• Build the organic capability to conduct exercises and modeling and simulations throughout our processes (e.g., analytics, collection, mission management, etc.) to innovate and test new concepts and technologies.

For the reader unfamiliar with the intelligence community’s internal debates, the above provision might sound somewhat surprising. What? Doesn’t the community already have such capabilities? Aren’t collection and analysis done according to structured methodologies? Stephen Marrin, a CIA analyst from 1996 to 2000, reveals a different picture. In an article for the American Intelligence Journal (Summer 2007), he clearly outlines what is known in the community as the “intuition vs. structured methods” debate:

“Even though there are over 200 analytic methods that intelligence analysts could choose from, the intelligence analysis process frequently involves intuition rather than structured methods. As someone who worked at the CIA from 1996 to 2000, I possess firsthand knowledge of the kind of analytic approaches used at the time. While I was there, the reigning analytic paradigm was based on generalized intuition; an analyst would read a lot, come up with some analytic judgment, and send that judgment up the line without much focus on either the process involved in coming to that judgment, or making that process transparent to others. No one I knew – except for maybe the economic analysts – used any form of structured analytic process that was transparent to others. No quantitative methods; no special software; no analysis of competing hypotheses; not even link charts.”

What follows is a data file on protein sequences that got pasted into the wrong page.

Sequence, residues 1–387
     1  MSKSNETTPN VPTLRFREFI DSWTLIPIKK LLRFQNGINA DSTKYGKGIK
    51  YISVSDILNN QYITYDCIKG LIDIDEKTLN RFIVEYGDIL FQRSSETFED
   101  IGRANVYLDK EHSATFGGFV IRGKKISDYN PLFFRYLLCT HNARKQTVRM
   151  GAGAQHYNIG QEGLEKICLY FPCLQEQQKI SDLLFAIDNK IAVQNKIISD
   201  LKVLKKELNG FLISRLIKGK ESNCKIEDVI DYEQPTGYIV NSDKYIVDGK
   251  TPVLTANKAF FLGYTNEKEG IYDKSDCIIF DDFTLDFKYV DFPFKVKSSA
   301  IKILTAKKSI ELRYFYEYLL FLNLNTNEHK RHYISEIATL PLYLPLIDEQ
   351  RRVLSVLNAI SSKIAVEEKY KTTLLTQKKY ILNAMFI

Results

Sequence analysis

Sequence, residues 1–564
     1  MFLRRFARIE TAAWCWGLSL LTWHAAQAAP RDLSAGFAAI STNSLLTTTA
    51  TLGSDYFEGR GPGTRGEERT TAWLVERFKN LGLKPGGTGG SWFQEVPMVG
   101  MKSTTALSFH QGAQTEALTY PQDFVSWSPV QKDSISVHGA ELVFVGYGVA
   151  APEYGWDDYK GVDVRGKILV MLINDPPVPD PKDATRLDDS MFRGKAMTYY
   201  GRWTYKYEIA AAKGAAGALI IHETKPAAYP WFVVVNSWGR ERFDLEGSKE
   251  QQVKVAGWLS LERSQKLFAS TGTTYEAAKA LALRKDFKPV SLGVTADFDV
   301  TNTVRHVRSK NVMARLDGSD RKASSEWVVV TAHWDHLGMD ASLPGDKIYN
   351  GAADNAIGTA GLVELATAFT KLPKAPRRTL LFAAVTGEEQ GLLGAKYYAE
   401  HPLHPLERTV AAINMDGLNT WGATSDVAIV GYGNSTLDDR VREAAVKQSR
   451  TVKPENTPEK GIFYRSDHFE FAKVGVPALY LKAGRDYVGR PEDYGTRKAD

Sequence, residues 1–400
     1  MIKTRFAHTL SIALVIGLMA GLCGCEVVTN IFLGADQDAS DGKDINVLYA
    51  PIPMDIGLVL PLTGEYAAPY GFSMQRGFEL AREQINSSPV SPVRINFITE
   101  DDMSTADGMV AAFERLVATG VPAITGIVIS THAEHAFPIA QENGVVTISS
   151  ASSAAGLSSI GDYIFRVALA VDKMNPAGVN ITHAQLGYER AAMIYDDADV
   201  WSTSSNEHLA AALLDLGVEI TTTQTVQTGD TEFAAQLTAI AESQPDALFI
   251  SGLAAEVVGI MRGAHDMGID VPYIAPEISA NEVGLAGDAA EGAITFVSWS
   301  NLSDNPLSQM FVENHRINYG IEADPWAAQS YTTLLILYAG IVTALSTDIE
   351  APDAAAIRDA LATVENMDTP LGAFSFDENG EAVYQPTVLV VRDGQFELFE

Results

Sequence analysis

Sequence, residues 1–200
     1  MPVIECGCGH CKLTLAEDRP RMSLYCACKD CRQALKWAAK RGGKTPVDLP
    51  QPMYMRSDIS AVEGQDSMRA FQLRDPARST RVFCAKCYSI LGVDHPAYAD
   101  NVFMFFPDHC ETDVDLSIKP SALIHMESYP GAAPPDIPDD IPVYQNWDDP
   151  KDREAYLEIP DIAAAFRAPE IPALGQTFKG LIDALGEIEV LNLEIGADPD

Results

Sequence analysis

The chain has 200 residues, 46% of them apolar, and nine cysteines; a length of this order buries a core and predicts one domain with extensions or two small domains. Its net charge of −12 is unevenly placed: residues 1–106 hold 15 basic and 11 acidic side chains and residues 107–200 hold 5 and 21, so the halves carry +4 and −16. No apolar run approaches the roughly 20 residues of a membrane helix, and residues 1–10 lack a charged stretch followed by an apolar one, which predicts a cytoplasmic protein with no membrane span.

For the sake of clarity, it should be said that “intuition” is meant here not in the sense of some extrasensory paranormal activity. It simply refers to arriving at a judgment by means of extensive experience that cannot be clearly demonstrated. Another word commonly used to describe this process is heuristics, or a rule of thumb. The preference of old school intelligence analysts for using intuition rather than structured methodologies stems from the historical Cold War mindset that was described above, and the reasons for its perpetuation are to be found in…human nature.